Altair Nanotechnologies Details Power Features of Its Nano Titanate Battery; Nanomaterials Used to Deliver Power and Fast Charge Capability Also Increase Safety of Battery
In anticipation of Altairnano's delivery of its first NanoSafe battery pack for use in an electric vehicle in September, this is the final of four planned news releases identifying features of Altairnano NanoSafe batteries that may prove advantageous in the power rechargeable battery market. In the three previous releases, Altairnano detailed why its nano titanate battery technology delivers high battery safety, rapid recharge and long battery life. The combination of these features has the potential to make Altairnano's NanoSafe batteries ideal for power applications such as electric vehicles and hybrid electric vehicles.
How Does a Rechargeable Battery Work?
A battery consists of a positive electrode, a negative electrode, a porous separator that keeps the electrodes from touching, and an ionic electrolyte, which is the conducting medium for ions (charged particles) between the positive and the negative electrodes. When the battery is being charged, ions transfer from the positive to the negative electrodes via the electrolyte. On discharge these ions return to the positive electrode releasing energy in the process.
Existing Lithium Ion Batteries
Rechargeable lithium ion batteries currently use graphite for the negative electrode and typically lithium cobalt oxide for the positive electrode. The electrolyte is a lithium salt dissolved in an organic solvent which is flammable.
An important attribute of large format batteries is their ability to deliver power quickly. During charge, lithium ions deposit inside the graphite particles. However, the rate at which lithium ions can be removed during discharge - the useful power-producing cycle of a battery - is limited by the electro-chemical properties of the graphite and the size of the graphite particles. The electrochemical properties relate to the existence of a high resistance crust (call the Solid Electrolyte Interface or SEI) that impedes the removal of lithium - the first step in power production. Also, graphite's large particle size means that lithium atoms inside the particle must travel a long distance to escape. This further increases the impedance and reduces power.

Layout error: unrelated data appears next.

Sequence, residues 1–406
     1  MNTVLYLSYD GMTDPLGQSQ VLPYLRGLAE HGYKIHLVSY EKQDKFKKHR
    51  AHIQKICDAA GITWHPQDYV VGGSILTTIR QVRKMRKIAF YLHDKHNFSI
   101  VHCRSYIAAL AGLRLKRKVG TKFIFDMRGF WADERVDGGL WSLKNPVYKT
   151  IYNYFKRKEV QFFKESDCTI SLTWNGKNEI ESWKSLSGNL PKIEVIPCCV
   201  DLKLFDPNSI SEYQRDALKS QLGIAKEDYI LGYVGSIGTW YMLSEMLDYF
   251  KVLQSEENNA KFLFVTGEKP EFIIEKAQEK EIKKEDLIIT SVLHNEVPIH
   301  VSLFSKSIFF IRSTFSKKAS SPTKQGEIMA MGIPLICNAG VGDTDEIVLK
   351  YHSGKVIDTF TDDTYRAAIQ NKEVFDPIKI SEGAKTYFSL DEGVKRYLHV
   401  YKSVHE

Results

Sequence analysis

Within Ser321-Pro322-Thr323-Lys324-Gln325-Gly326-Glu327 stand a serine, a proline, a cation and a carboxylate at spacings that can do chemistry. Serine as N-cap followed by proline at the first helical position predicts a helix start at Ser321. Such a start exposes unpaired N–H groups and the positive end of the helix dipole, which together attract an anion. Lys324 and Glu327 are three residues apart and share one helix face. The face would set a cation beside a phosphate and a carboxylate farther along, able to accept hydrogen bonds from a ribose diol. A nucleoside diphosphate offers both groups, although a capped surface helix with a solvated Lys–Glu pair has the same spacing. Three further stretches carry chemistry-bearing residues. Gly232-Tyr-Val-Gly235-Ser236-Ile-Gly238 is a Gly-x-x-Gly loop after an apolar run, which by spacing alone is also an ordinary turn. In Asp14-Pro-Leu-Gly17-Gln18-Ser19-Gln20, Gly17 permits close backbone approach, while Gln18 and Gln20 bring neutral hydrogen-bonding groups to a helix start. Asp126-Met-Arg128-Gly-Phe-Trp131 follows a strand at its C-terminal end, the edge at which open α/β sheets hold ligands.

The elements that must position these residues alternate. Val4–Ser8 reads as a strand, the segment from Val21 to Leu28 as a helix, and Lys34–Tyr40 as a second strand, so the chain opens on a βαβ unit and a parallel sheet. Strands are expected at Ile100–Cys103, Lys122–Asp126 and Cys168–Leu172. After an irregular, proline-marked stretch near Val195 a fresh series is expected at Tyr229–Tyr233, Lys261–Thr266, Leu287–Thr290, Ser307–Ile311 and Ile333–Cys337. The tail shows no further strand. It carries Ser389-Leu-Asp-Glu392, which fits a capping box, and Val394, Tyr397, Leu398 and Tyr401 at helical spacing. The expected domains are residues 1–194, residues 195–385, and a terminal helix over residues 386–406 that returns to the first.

So power is restricted by the ion removal capability in lithium ion batteries, resulting in power levels of the order of 1000 watts per kilogram (W/Kg). Also, power can be affected by external factors such as temperature. At low temperatures, the lithium ion removal rate is significantly less than at room temperature resulting in power delivery at these temperatures that is greatly reduced.
Given that power delivery is governed by fundamental properties of the materials the only option is to change the materials and chemistry of the battery.
The Altairnano NanoSafe(TM) Battery
Altairnano solved this problem by using an innovative approach to rechargeable battery chemistry by replacing graphite with a patented nano-titanate material as the negative electrode in its NanoSafe batteries. The outcome is that Altairnano's NanoSafe batteries deliver power per unit weight and unit volume several times that of conventional lithium ion batteries. Altairnano laboratory measurements indicate power density as high as 4000 W/Kg and over 5000W/litre. By using nano-titanate materials as the negative electrode material, the formation of an SEI is eliminated. In addition, the nano-titanate particles are up to 100 times smaller than a typical graphite particle thereby greatly reducing the distance a lithium atom must travel to be released from the particle. These properties also mean that even at very cold temperatures, a nano-titanate battery will produce high power.